The aluminum solid electrolytic capacitor has been heretofore produced by cutting a commercially available formed aluminum foil having thereon an aluminum oxide dielectric film into a predetermined shape necessary for a solid electrolytic capacitor and then, subjecting the aluminum ground metal portion on the cut face to an electrochemical forming treatment of the cut end part. In the electrochemical forming of the cut end part, an electrolytic solution of an acid and/or a salt thereof, for example, an electrolytic solution containing at least one of phosphoric acid, oxalic acid, sulfuric acid and the like, is used and a constant-current electrochemical forming is performed using the core part of the formed substrate as the anode under the conditions such that the concentration of the electrolytic solution is from 0.1 to 30% by mass, the temperature is from 0 to 80° C., the current density is from 0.1 to 1,000 mA/cm2 and the electrochemical forming time is 100 minutes or less. The conditions are more preferably selected such that the concentration of the electrolytic solution is from 1 to 20% by mass, the temperature is from 20 to 50° C., the current density is from 1 to 400 mA/cm2 and the electrochemical forming time is 60 minutes or less.

The above-described various conditions in the electrochemical forming, such as electrolytic solution, concentration of electrolytic solution, temperature, current density and electrochemical forming time, can be freely selected insofar as the dielectric film already formed on the surface of the formed substrate is not collapsed or deteriorated by the conditions.

[Solid Electrolyte]

In the present invention, an electrically conducting polymer is formed as a solid electrolyte layer (5) on the formed aluminum substrate.

The electrically conducting polymer for forming the solid electrolyte used in the solid electrolytic capacitor of the present invention is not limited, however, an electrically conducting polymer having aπ electron-conjugate structure is preferred and examples thereof include electrically conducting polymers containing, as a repeating unit, a structure represented by a compound having a thiophene skeleton, a compound having a polycyclic sulfide skeleton, a compound having a pyrrole skeleton, a compound having a furan skeleton, or the like.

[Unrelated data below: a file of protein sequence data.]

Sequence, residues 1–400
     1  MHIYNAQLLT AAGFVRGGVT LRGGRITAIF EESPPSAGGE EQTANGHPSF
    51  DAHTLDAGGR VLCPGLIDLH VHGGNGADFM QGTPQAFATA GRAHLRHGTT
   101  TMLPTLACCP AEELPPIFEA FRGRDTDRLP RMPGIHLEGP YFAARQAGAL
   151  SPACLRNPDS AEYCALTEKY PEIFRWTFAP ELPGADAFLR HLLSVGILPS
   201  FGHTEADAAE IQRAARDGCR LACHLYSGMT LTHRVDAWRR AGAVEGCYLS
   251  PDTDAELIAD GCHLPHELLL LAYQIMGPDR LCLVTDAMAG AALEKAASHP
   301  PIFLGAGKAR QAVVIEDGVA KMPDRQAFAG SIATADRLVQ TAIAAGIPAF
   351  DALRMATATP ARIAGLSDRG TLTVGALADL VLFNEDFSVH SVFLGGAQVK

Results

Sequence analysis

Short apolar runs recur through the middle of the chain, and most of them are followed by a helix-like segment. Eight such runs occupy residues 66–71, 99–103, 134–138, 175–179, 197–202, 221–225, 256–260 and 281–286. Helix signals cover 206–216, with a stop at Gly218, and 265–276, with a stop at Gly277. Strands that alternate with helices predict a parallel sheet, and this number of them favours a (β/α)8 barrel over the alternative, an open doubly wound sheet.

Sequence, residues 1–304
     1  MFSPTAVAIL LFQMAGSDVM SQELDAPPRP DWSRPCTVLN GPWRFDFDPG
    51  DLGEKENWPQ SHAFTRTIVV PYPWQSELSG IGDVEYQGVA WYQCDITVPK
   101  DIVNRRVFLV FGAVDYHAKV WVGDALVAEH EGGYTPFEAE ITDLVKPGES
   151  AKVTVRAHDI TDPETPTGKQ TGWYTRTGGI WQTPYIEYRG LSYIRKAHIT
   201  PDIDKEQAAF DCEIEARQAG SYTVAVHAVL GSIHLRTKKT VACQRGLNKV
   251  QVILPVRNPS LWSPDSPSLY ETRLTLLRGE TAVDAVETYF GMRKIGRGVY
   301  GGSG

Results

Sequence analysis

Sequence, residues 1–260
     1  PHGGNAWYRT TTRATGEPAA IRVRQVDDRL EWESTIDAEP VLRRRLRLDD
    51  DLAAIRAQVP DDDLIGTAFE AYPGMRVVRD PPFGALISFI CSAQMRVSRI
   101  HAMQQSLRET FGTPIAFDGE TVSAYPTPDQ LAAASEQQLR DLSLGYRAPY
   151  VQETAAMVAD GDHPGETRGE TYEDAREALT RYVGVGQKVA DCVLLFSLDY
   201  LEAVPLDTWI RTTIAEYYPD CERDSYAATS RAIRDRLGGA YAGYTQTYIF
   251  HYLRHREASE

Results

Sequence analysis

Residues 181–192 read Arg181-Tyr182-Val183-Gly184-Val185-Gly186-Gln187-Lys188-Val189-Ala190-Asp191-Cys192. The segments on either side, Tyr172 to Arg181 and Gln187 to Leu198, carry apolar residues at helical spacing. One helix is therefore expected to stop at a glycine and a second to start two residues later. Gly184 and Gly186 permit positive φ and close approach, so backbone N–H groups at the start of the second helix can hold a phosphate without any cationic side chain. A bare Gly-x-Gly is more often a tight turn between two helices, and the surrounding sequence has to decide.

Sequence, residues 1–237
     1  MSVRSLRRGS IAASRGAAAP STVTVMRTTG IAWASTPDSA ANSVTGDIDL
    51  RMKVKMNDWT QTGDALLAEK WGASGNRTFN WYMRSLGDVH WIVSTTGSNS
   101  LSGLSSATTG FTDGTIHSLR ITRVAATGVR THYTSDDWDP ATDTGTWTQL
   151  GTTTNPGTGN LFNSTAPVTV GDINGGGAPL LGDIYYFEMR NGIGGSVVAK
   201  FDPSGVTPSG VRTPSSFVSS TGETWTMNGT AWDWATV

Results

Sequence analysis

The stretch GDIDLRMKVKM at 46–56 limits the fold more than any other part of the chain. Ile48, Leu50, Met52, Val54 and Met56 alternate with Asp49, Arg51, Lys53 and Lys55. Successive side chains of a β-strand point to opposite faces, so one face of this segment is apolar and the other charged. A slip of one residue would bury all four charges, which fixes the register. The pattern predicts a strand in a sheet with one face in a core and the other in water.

Out of the monomers used as a starting material of the electrically conducting polymer, examples of the compound having a thiophene skeleton include derivatives such as 3-methylthiophene, 3-ethylthiophene, 3-propylthiophene, 3-butylthiophene, 3-pentylthiophene, 3-hexylthiophene, 3-heptylthiophene, 3-octylthiophene, 3-nonylthiophene, 3-decylthiophene, 3-fluorothiophene, 3-chlorothiophene, 3-bromothiophene, 3-cyanothiophene, 3,4-dimethylthiophene, 3,4-diethylthiophene, 3,4-butylenethiophene, 3,4-methylenedioxythiophene and 3,4-ethylenedioxythiophene. These compounds maybe a compound generally available on the market or may be prepared by a known method (for example, the method described in Synthetic Metals, Vol. 15, page 169 (1986)).

Examples of the compound having a polycyclic sulfide skeleton include compounds having a 1,3-dihydro-polycyclic sulfide (also called 1,3-dihydrobenzo[c]thiophene) skeleton and compounds having a 1,3-dihydronaphtho[2,3-c]thiophene skeleton. Furthermore, compounds having a 1,3-dihydroanthra[2,3-c]thiophene skeleton and compounds having a 1,3-dihydronaphthaceno[2,3-c]thiophene skeleton may be used. These compounds may be prepared by a known method, for example, the method described in JP-A-8-3156 (U.S. Pat. No. 5,530,139); the term “JP-A” as used herein means an “unexamined published Japanese patent application”.

In addition, for example, compounds having a 1,3-dihydronaphtho[1,2-c]thiophene skeleton, 1,3-dihydrophenanthra[2,3-c]thiophene derivatives, compounds having a 1,3-dihydrotriphenylo[2,3-c]thiophene skeleton, and 1,3-dihydrobenzo[a]anthraceno[7,8-c]thiophene derivatives may also be used.

In some compounds, nitrogen or N-oxide is arbitrarily contained in the condensed ring. Examples thereof include 1,3-dihydrothieno[3,4-b]quinoxaline, 1,3-dihydrothieno[3,4-b]quinoxaline-4-oxide and 1,3-dihydrothieno[3,4-b]quinoxaline-4,9-dioxide, however, the present invention is not limited thereto.